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​​​​​​Patient Handout: Answering How are You?​

During and after cancer treatment, a common greeting — How are you? — may stir unpleasant emotions or cause confusion about how to answer. This handout offers insights and tips on responding in ways that help you. The key message is this: In medical settings, ​answering candidly is essential to optimizin​g your care. 
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​​​Patient Handout: Crohn’s Disease. Health Promotion, Management, and Cancer Risk​

​Crohn’s disease (CD) is an infl ammatory bowel disease that can affect multiple areas of the digestive tract. Speak to your healthcare provider if you have abdominal pain, fever, and changes in bowel patterns such as bloody diarrhea. Diagnosis is based on symptoms as well as testing with endoscopy, ​radiology scans, and labs. Read Now >

​Patient Handout: HPV Immunization

Human papillomavirus (HPV) is a sexually transmitted virus with several strains. Some strains may cause genital warts, other strains may cause cancer. HPV is responsible for 90% of cervical and anal cancers, 70% of oropharyngeal cancers, 70% of vaginal and vulvar cancers, and 60% of penile cancers. The CDC estimates that nine out of ten individuals will contract some form of HPV in their lifetime.​ Read Now >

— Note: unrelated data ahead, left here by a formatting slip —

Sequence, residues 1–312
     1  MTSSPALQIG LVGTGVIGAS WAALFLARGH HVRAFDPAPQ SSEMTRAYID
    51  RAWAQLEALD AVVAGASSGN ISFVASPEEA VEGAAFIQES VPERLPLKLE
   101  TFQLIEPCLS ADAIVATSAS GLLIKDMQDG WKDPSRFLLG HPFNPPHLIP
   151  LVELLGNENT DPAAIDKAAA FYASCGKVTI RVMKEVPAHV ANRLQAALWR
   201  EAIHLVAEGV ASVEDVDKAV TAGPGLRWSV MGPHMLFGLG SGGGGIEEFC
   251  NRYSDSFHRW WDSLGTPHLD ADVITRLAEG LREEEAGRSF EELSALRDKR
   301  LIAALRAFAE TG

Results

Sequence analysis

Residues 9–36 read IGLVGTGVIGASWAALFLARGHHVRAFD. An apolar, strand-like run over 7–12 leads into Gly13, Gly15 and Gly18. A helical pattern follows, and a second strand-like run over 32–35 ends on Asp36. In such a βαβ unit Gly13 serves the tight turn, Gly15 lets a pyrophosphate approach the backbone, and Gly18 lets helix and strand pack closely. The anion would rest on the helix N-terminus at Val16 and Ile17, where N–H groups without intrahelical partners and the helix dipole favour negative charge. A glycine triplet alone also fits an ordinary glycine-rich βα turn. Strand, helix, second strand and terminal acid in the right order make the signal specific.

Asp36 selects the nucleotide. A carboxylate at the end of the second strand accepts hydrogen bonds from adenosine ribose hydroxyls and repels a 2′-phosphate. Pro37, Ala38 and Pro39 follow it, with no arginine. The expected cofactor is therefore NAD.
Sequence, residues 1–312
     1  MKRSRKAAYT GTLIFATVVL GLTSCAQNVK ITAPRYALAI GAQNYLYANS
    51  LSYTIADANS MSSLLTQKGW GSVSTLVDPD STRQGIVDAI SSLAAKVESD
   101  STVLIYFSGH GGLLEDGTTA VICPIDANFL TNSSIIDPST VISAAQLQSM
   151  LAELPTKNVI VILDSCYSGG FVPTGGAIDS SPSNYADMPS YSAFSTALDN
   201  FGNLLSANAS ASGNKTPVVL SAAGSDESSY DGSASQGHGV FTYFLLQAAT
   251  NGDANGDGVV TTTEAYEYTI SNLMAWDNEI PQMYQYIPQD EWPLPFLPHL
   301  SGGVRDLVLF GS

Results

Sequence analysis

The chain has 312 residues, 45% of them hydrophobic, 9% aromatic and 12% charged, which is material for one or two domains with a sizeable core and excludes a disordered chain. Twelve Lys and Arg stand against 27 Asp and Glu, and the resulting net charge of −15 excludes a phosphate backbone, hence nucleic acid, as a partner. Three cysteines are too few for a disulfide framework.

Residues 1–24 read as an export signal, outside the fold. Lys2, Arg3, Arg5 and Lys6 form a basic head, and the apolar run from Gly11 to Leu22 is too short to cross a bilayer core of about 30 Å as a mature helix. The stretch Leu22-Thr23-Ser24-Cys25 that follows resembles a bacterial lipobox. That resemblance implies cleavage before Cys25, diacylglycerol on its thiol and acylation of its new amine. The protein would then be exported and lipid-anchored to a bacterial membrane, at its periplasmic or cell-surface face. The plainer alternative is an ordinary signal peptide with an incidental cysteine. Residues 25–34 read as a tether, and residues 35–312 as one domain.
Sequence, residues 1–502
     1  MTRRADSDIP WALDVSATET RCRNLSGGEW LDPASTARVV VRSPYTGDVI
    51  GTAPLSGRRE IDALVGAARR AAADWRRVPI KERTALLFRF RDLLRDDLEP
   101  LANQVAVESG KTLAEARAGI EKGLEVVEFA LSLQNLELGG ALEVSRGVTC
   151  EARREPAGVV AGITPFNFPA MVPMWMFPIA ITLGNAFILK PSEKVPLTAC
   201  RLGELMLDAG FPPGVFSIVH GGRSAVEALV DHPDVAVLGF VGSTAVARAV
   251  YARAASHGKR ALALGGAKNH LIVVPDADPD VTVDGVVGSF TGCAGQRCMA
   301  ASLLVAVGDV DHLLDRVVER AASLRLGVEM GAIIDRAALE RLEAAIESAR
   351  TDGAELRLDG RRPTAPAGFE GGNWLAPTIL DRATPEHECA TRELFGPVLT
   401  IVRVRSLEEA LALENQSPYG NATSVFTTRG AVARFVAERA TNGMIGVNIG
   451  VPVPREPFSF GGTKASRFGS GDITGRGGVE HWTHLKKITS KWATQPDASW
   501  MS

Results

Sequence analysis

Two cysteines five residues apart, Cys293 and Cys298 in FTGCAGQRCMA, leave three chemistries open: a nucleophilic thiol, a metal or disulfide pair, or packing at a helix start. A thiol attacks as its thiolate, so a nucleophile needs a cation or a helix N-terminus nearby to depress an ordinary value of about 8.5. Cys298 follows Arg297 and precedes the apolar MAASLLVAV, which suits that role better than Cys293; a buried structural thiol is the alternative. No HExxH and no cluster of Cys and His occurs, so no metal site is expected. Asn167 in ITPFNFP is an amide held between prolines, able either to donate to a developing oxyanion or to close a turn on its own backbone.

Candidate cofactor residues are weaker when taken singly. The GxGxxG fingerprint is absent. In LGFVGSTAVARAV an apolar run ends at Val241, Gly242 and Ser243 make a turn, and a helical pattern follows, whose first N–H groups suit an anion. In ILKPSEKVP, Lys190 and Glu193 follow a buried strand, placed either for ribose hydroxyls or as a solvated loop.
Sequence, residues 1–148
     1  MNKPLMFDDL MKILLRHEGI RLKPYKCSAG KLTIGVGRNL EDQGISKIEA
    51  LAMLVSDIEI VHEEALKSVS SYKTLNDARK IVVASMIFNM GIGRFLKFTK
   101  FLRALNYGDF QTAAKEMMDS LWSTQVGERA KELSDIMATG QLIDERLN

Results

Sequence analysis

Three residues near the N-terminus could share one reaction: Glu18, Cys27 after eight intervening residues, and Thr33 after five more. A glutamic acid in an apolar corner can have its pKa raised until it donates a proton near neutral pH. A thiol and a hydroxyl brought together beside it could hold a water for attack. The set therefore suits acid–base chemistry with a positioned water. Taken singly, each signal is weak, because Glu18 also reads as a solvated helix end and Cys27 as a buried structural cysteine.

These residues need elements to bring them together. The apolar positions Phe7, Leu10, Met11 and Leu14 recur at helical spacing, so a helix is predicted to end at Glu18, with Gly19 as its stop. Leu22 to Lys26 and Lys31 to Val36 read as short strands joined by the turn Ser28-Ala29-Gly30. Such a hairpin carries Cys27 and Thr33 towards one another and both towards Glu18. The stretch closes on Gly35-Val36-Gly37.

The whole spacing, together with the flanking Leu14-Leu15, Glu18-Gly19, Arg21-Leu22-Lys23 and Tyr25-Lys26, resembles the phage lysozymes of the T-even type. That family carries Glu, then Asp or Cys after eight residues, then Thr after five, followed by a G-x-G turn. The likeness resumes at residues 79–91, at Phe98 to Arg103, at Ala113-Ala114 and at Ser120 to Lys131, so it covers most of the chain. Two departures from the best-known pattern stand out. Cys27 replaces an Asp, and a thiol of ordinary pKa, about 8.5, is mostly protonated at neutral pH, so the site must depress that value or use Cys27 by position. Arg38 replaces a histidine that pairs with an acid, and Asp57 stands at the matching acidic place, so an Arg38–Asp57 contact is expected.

College.jpgPatient Handout: When Your Child at College Has Cancer

While adjusting to the news, you want to ensure that your child is making wise decisions. Here’s the challenge: You aren’t in charge ​anymore. This handout offers insights and tips for helping your child (1) do what needs to be done medically and (2) connect with designated school officials trained to assist students facing a health crisis and, at the same time, helping you (1) keep the lines of communication open with your child and (2) take care of your own needs. Read Now >

​​​​​​MusicTherapy.jpg​Patient Handout: Introduction to Music Therapy

Music therapy is the use of evidence-based music interventions in a therapeutic relationship. We prescribe music therapy for the same reason we prescribe physical therapy or anti-nausea medicines: to help us meet goals related to your well-being, whether physical, emotional, psychological, or social. ​​ Read Now >

Patient Handout: Late Effects in Adult Cancer Survivors

Late effects are health problems that first appear months or years after completion of cancer therapy. These delayed aftereffects arise when cancer and/or cancer treatments injure normal tissues in ways that impact future health. A late effect can be a sign, such as scarring on an X-ray; a symptom, such as hearing loss; or an increased risk of a condition, such as heart disease.​​​ Read Now >

​​​​​Treatment Delays.jpg​​​​Patient Handout: Coping with Treatment Delays​

​You may experience treatment delays, especially if your course is prolonged. That’s normal. This handout reviews common questions and concerns to help you respond in helpful, hopeful ways. Read Now >​​​​

Patient Handout: Minor Symptoms in Long-Term Survivors